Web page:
Thursday, March 8, 2012

Teamsters file legal brief against Mexican trucks

Maybe it's a coincidence, but the Teamsters filed legal arguments against the pilot program to open the border to dangerous Mexican trucks late yesterday. The day before, the Texas Department of Public Safety warned students against going to Mexico on spring break -- even in resort areas -- because it's too dangerous.

As Teamsters General President Jim Hoffa asked, "How is this a reciprocal trade deal?" Mexico obviously can't offer the same access to its markets that the U.S. can offer to Mexico. Said Hoffa in the press release,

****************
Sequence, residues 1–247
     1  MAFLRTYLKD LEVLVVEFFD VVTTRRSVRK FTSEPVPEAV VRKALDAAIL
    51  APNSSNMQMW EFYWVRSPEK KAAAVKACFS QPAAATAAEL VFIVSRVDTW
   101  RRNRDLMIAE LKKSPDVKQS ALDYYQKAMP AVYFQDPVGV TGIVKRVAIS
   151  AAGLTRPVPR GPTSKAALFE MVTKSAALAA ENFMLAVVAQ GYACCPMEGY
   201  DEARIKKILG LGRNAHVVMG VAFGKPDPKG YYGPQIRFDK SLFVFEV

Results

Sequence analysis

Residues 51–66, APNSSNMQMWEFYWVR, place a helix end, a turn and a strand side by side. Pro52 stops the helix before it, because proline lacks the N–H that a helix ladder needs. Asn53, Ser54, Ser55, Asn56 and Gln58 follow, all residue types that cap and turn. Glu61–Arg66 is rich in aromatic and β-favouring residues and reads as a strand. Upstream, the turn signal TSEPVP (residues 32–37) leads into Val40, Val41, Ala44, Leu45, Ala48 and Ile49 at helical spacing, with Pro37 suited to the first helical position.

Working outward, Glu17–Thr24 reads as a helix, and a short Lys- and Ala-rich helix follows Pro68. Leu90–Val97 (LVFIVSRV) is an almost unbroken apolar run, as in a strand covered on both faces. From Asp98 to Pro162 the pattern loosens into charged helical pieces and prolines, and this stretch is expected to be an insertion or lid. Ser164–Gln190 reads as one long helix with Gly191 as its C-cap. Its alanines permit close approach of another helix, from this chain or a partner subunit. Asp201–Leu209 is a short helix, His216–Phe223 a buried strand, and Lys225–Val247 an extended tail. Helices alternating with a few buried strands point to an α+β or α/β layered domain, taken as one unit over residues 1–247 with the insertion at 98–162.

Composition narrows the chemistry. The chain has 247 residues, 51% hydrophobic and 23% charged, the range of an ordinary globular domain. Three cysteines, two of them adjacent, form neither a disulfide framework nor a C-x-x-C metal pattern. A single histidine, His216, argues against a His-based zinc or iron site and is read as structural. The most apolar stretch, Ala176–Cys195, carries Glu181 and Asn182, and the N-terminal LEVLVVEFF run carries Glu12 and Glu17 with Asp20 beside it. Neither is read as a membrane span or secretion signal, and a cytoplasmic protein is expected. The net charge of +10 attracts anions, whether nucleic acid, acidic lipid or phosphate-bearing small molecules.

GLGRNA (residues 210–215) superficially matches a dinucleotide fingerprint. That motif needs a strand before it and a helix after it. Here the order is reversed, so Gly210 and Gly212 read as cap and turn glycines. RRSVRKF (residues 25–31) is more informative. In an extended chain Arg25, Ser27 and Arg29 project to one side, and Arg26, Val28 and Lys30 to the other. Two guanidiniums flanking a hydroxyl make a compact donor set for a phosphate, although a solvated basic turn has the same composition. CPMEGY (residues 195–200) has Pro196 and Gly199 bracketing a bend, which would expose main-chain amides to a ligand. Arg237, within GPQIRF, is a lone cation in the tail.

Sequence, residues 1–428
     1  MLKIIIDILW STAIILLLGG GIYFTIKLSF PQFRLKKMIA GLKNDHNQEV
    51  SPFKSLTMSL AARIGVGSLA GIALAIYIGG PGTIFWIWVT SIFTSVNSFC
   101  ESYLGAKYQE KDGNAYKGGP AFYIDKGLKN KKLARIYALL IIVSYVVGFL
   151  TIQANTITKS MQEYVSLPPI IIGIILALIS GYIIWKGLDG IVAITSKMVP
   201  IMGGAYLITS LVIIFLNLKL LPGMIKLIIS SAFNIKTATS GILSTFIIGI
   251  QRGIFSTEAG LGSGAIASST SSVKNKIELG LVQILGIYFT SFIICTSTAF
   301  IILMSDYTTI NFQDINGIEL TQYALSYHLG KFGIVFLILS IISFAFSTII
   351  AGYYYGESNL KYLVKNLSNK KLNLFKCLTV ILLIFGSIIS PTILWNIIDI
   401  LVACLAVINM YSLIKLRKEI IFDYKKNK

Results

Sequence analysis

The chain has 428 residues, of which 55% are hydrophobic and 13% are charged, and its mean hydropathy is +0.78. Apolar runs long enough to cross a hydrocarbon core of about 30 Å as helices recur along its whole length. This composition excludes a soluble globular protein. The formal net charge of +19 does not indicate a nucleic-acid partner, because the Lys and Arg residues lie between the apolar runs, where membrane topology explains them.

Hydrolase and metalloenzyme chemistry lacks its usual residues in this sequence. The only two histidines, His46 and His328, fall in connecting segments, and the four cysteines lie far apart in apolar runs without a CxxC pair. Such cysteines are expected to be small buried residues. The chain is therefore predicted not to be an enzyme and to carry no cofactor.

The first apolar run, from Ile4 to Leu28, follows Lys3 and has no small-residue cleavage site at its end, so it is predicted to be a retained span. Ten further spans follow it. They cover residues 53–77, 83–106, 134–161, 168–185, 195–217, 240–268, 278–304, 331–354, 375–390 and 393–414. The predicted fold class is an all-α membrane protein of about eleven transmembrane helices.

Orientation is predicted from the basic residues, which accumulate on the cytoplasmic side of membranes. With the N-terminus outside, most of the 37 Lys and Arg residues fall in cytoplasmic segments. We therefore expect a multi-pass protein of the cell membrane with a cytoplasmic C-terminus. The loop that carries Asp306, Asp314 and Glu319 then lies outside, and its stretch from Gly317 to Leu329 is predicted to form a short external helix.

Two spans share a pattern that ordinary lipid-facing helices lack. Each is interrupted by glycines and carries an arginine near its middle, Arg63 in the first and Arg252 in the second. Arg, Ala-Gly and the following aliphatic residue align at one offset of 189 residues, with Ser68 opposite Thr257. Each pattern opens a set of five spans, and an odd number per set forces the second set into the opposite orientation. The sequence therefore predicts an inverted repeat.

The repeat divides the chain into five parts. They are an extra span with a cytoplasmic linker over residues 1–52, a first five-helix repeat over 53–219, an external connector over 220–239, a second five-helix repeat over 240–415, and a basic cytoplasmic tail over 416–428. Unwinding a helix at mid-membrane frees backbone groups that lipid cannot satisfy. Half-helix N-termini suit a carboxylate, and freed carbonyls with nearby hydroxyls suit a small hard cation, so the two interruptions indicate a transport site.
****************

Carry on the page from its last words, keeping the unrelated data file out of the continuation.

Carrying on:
Mexico can’t guarantee the safety of U.S. truckers because it can’t control the drug cartels that killed 12,000 people last year. U.S. drivers are scared to death to drive down there.
Teamsters lawyers submitted 41 pages of arguments to the U.S. Court of Appeals for the D.C. Circuit. Hoffa also said,
The FMCSA makes the bizarre argument that our members aren’t harmed by a program that opens the border to low-paid truck drivers and dangerous, dirty trucks. Try telling that to our members.
U.S. commercial truck drivers must follow all U.S. safety regulations while Mexican drivers only need to follow selected Mexican regulations. The government is flat-out wrong to say Mexican trucks and drivers meet equivalent standards.
Hoffa had predicted that the pilot program would be a dismal failure, and it looks like he's right. After six months, three drivers and two trucks had made nine trips beyond the border zone.

Nice work, FMCSA.

Read the whole thing here.